High-resolution soft X-ray photoelectron spectroscopy was used to investigate the oxidation of alkylated silicon(111) surfaces under ambient conditions. Silicon(111) surfaces were functionalized through a two-step route involving radical chlorination of the H-terminated surface followed by alkylation with alkylmagnesium halide reagents. After 24 h in air, surface species representing Si+, Si2+, Si3+, and Si4+ were detected on the Cl-terminated surface, with the highest oxidation state (Si4+) oxide signal appearing at +3.79 eV higher in energy than the bulk Si 2p3/2 peak. The growth of silicon oxide was accompanied by a reduction in the surface-bound Cl signal. After 48 h of exposure to air, the Cl-terminated Si(111) surface exhibited 3.63 equivalent monolyers (ML) of silicon oxides. In contrast, after exposure to air for 48 h, CH3-, C2H5-, or C6H 5CH2-terminated Si surfaces displayed <0.4 ML of surface oxide, and in most cases only displayed ≈0.20 ML of oxide. This oxide was principally composed of Si+ and Si3+ species with peaks centered at +0.8 and +3.2 eV above the bulk Si 2p3/2 peak, respectively. The silicon 2p SXPS peaks that have previously been assigned to surface Si-C bonds did not change significantly, either in binding energy or in relative intensity, during such air exposure. Use of a high miscut-angle surface (7° vs <0.5° off of the (111) surface orientation) yielded no increase in the rate of oxidation nor change in binding energy of the resultant oxide that formed on the alkylated Si surfaces. Scanning Auger microscopy indicated that the alkylated surfaces formed oxide in isolated, inhomogeneous patches on the surface.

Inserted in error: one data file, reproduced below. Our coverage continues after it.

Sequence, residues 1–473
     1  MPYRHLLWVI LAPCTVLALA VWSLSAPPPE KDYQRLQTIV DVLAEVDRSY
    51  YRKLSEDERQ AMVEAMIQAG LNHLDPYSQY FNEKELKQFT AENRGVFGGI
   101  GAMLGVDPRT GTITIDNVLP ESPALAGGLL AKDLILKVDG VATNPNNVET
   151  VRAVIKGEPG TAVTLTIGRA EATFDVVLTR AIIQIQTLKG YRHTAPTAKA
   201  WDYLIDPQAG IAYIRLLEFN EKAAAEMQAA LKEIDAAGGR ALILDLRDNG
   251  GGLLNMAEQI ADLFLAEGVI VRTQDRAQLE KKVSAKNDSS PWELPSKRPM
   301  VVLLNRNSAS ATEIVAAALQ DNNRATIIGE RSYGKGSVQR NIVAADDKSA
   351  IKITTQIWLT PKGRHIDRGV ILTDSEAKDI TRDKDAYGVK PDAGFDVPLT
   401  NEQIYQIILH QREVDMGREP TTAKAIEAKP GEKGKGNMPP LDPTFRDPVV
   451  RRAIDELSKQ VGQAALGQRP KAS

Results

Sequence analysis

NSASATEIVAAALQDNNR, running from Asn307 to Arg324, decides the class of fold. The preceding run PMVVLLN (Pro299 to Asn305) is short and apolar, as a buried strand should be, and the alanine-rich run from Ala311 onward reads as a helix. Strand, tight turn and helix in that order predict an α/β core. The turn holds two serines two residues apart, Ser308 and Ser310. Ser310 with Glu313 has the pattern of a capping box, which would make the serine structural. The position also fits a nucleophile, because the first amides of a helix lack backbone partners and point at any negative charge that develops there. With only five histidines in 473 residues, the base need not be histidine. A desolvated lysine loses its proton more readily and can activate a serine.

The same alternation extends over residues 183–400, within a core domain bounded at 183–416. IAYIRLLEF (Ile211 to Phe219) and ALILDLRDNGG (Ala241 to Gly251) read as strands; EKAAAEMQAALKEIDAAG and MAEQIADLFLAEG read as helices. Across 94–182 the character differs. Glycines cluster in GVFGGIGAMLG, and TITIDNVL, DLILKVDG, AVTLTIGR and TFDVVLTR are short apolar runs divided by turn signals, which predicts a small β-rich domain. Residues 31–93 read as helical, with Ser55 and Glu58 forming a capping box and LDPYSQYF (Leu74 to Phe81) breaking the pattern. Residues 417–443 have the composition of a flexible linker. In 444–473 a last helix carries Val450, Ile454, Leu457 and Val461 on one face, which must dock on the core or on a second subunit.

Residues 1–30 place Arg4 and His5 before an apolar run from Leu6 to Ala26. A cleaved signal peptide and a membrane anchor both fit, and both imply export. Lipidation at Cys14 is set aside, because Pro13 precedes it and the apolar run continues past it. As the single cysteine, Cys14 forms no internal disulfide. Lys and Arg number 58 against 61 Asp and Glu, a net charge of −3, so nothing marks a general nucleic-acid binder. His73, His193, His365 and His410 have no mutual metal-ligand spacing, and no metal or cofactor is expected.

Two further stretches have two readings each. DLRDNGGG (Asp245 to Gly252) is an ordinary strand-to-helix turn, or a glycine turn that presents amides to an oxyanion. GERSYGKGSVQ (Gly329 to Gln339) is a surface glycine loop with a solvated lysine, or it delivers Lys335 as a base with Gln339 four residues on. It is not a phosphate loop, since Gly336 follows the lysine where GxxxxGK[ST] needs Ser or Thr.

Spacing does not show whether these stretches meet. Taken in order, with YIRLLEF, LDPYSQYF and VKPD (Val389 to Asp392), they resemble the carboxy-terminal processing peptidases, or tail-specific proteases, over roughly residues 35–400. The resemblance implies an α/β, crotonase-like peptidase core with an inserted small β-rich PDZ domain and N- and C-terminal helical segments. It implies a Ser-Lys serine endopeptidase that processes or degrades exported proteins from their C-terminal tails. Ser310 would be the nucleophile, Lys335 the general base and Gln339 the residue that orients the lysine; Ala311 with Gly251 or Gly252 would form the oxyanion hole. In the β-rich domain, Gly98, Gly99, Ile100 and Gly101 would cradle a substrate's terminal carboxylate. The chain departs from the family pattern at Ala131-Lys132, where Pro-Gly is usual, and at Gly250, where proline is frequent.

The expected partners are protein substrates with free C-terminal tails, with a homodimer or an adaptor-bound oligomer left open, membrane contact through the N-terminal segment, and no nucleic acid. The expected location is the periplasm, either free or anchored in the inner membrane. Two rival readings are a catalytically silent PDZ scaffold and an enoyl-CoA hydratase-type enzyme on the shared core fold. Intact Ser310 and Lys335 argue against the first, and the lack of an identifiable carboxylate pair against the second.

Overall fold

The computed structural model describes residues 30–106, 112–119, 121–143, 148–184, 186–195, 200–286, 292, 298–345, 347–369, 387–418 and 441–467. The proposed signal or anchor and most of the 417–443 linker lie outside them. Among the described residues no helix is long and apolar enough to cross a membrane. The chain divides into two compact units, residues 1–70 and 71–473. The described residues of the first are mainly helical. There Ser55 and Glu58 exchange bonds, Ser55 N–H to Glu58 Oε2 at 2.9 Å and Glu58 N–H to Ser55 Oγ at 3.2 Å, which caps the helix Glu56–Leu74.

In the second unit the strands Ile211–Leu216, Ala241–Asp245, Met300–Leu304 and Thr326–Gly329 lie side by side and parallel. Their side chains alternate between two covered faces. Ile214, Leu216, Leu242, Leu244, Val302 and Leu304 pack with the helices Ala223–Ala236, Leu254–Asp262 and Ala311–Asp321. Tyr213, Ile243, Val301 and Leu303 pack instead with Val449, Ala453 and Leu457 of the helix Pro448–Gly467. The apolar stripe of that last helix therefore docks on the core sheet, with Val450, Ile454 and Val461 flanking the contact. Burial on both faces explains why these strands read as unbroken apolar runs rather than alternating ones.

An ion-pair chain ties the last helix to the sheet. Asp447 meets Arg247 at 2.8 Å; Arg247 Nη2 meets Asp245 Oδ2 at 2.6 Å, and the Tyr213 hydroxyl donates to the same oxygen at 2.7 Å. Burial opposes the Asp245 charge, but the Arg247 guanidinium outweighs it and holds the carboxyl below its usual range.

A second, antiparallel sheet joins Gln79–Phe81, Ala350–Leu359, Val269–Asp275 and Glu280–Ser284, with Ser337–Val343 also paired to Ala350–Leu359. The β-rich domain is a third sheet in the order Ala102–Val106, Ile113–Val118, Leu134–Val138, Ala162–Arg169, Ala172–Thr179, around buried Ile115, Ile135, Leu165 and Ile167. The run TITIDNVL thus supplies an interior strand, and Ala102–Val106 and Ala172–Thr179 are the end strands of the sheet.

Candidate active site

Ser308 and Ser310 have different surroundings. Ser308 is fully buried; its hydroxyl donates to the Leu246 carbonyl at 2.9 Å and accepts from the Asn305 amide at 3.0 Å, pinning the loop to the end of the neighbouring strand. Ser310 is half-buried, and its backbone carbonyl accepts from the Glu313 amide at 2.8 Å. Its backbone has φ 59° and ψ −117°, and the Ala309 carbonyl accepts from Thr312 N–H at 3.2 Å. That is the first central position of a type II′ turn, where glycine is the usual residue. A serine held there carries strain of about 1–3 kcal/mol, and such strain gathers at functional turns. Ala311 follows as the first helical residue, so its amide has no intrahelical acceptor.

ASJC Scopus subject areas
- Physical and Theoretical Chemistry
- Surfaces, Coatings and Films
- Materials Chemistry